Hi Bunnel, since we don't know the signs of t and s, how can we subtract s on both sides to simplify the inequality R+s+t>S+2T? Am I missing something here? Bunuel wrote: If r + s > 2t, is r > t ? (1) t > s > since the signs of two equations (t > s and r + s > 2t) are the same direction we can sum them: \(t+(r+s)>s+2t\) > \(r>t\). Sufficient. (2) r > s > the same here: since the signs of two equations (r > s and r + s > 2t) are the same direction we can sum them: \(r+(r+s)>s+2t\) > \(2r>2t\) > \(r>t\). Sufficient.
Answer: D.
THEORY: You can only add inequalities when their signs are in the same direction:
If \(a>b\) and \(c>d\) (signs in same direction: \(>\) and \(>\)) > \(a+c>b+d\). Example: \(3<4\) and \(2<5\) > \(3+2<4+5\).
You can only apply subtraction when their signs are in the opposite directions:
If \(a>b\) and \(c<d\) (signs in opposite direction: \(>\) and \(<\)) > \(ac>bd\) (take the sign of the inequality you subtract from). Example: \(3<4\) and \(5>1\) > \(35<41\).
Hope it helps.



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Re: If r + s > 2t, is r > t ? (1) t > s (2) r > s
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21 Mar 2013, 03:33
AnnT wrote: Hi Bunnel, since we don't know the signs of t and s, how can we subtract s on both sides to simplify the inequality R+s+t>S+2T? Am I missing something here? Bunuel wrote: If r + s > 2t, is r > t ? (1) t > s > since the signs of two equations (t > s and r + s > 2t) are the same direction we can sum them: \(t+(r+s)>s+2t\) > \(r>t\). Sufficient. (2) r > s > the same here: since the signs of two equations (r > s and r + s > 2t) are the same direction we can sum them: \(r+(r+s)>s+2t\) > \(2r>2t\) > \(r>t\). Sufficient.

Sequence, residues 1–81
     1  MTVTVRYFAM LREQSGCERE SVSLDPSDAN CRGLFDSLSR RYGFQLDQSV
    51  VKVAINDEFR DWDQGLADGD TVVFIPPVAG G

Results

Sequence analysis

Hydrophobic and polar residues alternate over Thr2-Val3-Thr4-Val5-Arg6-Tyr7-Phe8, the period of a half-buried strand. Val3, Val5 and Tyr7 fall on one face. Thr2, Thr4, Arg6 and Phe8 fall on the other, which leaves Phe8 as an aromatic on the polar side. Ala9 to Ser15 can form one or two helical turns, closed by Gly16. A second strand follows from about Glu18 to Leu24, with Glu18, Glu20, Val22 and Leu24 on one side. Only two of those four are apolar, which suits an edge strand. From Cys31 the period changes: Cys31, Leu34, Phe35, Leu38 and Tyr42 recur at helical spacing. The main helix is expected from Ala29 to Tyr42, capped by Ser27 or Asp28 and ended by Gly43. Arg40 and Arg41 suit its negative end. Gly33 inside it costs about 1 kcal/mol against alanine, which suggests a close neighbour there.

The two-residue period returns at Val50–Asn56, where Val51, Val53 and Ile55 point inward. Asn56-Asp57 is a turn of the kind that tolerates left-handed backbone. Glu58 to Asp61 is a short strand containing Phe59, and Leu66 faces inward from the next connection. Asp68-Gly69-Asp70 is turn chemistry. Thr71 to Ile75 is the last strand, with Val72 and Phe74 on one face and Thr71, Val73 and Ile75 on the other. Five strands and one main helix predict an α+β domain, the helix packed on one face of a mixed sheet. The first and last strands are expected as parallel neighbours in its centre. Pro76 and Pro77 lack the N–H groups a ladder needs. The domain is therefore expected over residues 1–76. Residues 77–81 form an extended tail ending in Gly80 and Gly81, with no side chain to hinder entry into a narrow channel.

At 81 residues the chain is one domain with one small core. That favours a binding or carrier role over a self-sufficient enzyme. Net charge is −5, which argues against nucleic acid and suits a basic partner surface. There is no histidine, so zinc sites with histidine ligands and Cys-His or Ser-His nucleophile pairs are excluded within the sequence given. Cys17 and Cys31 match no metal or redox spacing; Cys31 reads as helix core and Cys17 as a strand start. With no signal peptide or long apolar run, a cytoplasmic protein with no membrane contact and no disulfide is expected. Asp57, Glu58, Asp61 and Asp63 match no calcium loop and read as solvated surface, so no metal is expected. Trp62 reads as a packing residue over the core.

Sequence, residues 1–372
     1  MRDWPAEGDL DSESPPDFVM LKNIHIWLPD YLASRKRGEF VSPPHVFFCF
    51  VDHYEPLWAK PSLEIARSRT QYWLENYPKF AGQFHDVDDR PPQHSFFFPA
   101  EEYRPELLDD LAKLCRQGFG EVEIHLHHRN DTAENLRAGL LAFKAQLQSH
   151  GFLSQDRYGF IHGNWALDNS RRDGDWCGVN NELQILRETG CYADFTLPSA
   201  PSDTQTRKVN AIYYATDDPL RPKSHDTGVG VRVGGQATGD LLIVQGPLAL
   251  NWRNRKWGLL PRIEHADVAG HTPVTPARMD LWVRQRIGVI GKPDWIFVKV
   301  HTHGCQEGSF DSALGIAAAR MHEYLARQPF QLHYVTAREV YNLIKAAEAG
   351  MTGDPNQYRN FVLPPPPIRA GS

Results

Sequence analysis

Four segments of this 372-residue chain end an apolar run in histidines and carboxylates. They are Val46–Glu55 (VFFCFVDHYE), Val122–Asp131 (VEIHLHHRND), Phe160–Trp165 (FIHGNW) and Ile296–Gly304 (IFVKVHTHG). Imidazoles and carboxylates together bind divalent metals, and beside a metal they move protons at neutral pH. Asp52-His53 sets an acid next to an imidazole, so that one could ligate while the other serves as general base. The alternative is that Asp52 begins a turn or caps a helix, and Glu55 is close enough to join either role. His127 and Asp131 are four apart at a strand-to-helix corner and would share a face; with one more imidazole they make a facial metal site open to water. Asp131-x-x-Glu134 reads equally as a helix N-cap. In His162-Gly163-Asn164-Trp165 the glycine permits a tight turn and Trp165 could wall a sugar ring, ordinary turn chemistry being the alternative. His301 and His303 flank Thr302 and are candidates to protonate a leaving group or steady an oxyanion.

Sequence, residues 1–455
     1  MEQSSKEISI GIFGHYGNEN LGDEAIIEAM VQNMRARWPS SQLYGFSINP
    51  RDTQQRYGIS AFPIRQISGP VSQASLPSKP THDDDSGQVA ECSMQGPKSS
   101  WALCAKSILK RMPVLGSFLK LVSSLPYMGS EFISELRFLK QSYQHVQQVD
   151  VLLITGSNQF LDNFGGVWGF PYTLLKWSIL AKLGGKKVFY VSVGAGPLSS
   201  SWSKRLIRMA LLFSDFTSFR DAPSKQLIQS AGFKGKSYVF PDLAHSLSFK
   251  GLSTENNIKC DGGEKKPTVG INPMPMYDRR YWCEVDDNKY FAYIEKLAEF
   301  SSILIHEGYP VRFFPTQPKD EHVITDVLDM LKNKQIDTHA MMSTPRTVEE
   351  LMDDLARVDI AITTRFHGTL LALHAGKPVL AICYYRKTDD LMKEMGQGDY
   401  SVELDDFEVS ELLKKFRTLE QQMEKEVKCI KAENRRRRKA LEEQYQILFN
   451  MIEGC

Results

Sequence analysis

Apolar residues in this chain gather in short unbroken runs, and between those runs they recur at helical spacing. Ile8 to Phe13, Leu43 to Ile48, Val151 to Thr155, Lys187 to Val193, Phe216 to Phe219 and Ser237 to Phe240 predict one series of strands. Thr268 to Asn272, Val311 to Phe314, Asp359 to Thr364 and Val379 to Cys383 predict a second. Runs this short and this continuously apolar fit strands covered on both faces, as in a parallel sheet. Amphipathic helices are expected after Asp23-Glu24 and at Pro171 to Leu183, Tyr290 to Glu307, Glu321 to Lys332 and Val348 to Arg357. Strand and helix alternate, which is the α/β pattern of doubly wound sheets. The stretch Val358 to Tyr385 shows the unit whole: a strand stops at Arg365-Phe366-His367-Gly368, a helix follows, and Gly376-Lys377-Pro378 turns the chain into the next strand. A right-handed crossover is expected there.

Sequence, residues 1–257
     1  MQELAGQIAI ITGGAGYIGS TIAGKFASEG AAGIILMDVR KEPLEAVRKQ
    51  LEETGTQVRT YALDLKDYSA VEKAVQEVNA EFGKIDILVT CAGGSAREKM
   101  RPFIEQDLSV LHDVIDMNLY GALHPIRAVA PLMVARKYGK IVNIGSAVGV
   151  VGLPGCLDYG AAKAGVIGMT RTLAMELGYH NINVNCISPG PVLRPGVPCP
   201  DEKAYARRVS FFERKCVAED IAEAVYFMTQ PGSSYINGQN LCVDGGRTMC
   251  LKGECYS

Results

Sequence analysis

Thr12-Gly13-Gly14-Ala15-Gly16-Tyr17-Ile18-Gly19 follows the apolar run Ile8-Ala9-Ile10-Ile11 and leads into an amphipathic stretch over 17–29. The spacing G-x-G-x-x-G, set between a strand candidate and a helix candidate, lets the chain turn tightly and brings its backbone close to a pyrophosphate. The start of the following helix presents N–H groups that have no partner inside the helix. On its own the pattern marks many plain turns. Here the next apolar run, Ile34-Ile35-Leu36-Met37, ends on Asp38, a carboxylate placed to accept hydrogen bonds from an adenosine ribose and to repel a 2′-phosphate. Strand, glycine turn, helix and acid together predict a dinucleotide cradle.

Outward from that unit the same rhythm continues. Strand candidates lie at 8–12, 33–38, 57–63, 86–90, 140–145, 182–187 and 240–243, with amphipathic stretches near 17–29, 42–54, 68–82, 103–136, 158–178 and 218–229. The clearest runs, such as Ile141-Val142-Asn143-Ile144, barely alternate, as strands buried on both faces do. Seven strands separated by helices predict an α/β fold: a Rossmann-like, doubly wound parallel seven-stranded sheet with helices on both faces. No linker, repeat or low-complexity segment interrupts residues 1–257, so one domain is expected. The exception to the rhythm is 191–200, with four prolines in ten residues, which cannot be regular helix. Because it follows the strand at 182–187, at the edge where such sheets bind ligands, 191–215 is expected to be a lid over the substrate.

Answer: D.
THEORY: You can only add inequalities when their signs are in the same direction:
If \(a>b\) and \(c>d\) (signs in same direction: \(>\) and \(>\)) > \(a+c>b+d\). Example: \(3<4\) and \(2<5\) > \(3+2<4+5\).
You can only apply subtraction when their signs are in the opposite directions:
If \(a>b\) and \(c<d\) (signs in opposite direction: \(>\) and \(<\)) > \(ac>bd\) (take the sign of the inequality you subtract from). Example: \(3<4\) and \(5>1\) > \(35<41\).
Hope it helps. You are mixing subtraction/addition with multiplication/division. We are only concerned with sign when we multiply/divide an inequality.
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Re: If r + s > 2t, is r > t ? (1) t > s (2) r > s
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30 Aug 2017, 13:48
\(r+s>2t \rightarrow \frac{r+s}{2}>t\) So the midpoint of \(r\) and \(s\) is greater than \(t\) The orange line represents possible locations on the number line for \(t\) Statement 1) If \(t>s\) then only the second option is possible, and \(r\) must be greater than \(t\) Statement 2) If \(r>s\) then only the second option is possible, and again \(r\) must be greater than \(t\) Answer D
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Re: If r + s > 2t, is r > t ? (1) t > s (2) r > s
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Re: If r + s > 2t, is r > t ? (1) t > s (2) r > s